==> 1.52899 sec

Example 10 : To see the contents of a packet
To see the contents of a specific packet (packet number 4) :

# snoop -i snoop.out -p4 -x0

4 0.00377 HostA -> HostB HTTP GET http://patchpro.sun.com/expert/pprodetectors.jar HTTP/1.1

0: 0008 a4d2 5e40 0800 20a0 166a 0800 4500 ....^@.. ..j..E.
16: 00f9 dc05 4000 4006 b0be 0a0e 025f 819e ...@.@......_..
32: 1f30 8063 1f90 12ed 2f71 0a9d 493a 5018 .0.c..../q..I:P.
48: c1e8 d859 0000 4745 5420 6874 7470 3a2f ...Y..GET http:/
64: 2f70 6174 6368 7072 6f2e 7375 6e2e 636f /patchpro.sun.co
80: 6d2f 6578 7065 7274 2f70 7072 6f64 6574 m/expert/pprodet
96: 6563 746f 7273 2e6a 6172 2048 5454 502f ectors.jar HTTP/
112: 312e 310d 0a55 7365 722d 4167 656e 743a 1.1..User-Agent:
128: 204a 6176 612f 312e 342e 315f 3031 610d Java/1.4.1_01a.
144: 0a48 6f73 743a 2070 6174 6368 7072 6f2e .Host: patchpro.
160: 7375 6e2e 636f 6d0d 0a41 6363 6570 743a sun.com..Accept:
176: 2074 6578 742f 6874 6d6c 2c20 696d 6167 text/html, imag
192: 652f 6769 662c 2069 6d61 6765 2f6a 7065 e/gif, image/jpe
208: 672c 202a 3b20 713d 2e32 2c20 2a2f 2a3b g, *; q=.2, */*;
224: 2071 3d2e 320d 0a50 726f 7879 2d43 6f6e q=.2..Proxy-Con
240: 6e65 6374 696f 6e3a 206b 6565 702d 616c nection: keep-al
256: 6976 650d 0a0d 0a ive....

Example 11 : Snoop to troubleshoot Jumpstart
Snoop can be very well used to troubleshoot the jumpstart issues. In case of Jumpstart, we can use the MAC address as the filter :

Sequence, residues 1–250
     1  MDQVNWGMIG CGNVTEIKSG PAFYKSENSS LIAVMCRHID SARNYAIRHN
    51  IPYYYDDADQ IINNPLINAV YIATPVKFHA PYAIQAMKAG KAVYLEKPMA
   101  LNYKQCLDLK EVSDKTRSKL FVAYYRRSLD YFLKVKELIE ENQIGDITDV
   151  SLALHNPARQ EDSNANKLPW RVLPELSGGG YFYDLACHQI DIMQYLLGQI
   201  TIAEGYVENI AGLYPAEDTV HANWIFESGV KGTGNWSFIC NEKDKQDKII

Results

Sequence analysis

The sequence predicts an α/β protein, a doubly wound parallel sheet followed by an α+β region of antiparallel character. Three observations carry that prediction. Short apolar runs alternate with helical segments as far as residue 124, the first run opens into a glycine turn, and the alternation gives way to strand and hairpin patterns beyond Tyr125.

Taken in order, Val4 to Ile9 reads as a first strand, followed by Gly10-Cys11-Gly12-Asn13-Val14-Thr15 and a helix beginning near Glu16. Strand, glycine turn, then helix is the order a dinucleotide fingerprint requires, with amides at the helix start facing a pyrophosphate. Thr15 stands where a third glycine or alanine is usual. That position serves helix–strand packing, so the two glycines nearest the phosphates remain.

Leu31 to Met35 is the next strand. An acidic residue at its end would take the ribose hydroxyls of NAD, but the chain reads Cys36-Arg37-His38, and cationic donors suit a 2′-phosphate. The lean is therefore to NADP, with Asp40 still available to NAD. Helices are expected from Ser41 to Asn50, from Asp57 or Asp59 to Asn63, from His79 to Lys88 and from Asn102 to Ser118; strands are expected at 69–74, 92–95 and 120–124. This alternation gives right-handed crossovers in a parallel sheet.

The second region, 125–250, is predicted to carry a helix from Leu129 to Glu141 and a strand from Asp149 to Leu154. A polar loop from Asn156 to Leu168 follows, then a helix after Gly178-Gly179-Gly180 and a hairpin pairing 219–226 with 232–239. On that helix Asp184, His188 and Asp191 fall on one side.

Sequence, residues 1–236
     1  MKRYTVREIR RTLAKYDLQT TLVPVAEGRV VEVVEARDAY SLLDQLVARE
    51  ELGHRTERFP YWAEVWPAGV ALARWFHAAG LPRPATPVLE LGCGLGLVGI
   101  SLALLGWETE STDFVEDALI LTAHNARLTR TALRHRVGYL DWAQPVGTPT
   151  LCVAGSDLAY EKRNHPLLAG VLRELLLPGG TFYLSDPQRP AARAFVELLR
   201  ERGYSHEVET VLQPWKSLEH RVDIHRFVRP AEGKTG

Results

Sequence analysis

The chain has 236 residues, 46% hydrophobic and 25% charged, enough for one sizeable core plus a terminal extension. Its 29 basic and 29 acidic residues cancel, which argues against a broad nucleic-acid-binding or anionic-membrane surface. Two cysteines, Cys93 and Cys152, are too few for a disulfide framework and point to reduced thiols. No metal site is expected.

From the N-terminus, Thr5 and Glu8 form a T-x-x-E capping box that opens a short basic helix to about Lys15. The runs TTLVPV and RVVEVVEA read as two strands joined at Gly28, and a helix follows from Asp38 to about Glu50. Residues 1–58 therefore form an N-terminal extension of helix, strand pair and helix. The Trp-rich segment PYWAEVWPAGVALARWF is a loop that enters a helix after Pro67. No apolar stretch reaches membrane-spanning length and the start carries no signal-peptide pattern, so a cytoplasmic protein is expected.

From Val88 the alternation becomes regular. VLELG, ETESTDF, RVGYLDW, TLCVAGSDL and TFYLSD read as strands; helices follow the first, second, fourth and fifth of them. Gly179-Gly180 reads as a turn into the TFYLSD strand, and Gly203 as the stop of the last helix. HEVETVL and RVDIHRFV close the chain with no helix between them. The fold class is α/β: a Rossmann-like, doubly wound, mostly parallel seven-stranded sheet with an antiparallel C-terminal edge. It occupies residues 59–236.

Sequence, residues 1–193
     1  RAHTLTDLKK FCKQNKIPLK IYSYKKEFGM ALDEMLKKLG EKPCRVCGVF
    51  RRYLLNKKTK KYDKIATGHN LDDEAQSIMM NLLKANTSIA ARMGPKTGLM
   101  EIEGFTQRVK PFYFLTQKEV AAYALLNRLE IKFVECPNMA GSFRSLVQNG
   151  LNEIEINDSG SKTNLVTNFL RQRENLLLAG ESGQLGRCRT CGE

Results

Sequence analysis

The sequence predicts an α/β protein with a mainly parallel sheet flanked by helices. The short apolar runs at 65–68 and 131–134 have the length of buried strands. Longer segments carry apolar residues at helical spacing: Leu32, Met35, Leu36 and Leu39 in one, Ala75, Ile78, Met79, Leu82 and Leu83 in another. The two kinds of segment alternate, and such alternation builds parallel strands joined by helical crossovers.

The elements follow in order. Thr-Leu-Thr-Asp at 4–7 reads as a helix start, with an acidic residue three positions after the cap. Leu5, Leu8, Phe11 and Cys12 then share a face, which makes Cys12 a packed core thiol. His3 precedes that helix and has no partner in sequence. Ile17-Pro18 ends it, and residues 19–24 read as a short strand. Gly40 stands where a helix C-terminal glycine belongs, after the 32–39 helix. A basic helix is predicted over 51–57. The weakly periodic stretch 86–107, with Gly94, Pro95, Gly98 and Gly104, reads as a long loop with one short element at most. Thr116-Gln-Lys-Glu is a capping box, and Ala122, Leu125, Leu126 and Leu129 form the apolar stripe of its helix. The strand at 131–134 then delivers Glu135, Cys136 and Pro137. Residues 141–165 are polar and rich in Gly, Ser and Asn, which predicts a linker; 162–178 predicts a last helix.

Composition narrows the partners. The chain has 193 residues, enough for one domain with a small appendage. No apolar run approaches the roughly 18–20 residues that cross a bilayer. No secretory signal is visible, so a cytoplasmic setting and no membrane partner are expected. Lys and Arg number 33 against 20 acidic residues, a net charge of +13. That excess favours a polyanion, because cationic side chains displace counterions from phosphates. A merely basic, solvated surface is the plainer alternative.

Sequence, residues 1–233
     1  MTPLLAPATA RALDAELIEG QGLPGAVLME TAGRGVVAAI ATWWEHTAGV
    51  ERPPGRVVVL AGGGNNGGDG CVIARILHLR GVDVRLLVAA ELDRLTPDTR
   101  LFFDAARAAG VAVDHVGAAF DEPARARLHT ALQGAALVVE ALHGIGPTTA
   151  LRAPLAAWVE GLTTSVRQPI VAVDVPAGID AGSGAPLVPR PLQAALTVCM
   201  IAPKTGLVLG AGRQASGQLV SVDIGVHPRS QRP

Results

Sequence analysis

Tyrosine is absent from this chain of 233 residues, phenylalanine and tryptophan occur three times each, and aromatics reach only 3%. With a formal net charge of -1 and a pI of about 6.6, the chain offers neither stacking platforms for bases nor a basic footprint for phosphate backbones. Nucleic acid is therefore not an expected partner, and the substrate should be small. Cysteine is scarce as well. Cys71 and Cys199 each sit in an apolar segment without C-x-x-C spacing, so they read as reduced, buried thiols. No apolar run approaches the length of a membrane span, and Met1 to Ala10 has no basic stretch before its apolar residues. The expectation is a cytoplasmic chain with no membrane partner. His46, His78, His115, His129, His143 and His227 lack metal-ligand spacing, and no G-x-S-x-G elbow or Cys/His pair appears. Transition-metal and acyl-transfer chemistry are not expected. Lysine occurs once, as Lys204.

# snoop -i [filename] xx:xx:xx:xx:xx:xx

Example 12 : To check whether snoop dropped packets
Sometimes the snoop command itself drops packets (mostly in case of Gigabit network). To find out the dropped packets use the -D flag :

# snoop -i snoop.out -D | grep TCP
Loading name file snoop.out
7865 0.00000 aaa -> bbb drops: 0 TCP D=35215 S=20 Ack=2442259384 Seq=3714484080 Len=1460 Win=16060
7866 0.00012 aaa -> bbb drops: 0 TCP D=35215 S=20 Ack=2442259384 Seq=3714485540 Len=1460 Win=16060
7867 0.00013 aaa -> bbb drops: 0 TCP D=35215 S=20 Ack=2442259384 Seq=3714487000 Len=1460 Win=16060
7868 0.00015 bbb -> aaa drops: 0 TCP D=20 S=35215 Ack=3714484080 Seq=2442259384 Len=0 Win=33580
7869 0.00049 aaa -> bbb drops: 0 TCP D=35215 S=20 Ack=2442259384 Seq=3714488460 Len=1460 Win=16060
7870 0.01848 aaa -> bbb drops: 0 TCP D=35215 S=20 Ack=2442259384 Seq=3714551240 Len=1460 Win=16060
7871 0.00011 aaa -> bbb drops: 47 TCP D=35215 S=20 Ack=2442259384 Seq=3714552700 Len=1460 Win=16060
7872 0.00013 aaa -> bbb drops: 47 TCP D=35215 S=20 Ack=2442259384 Seq=3714554160 Len=1460 Win=16060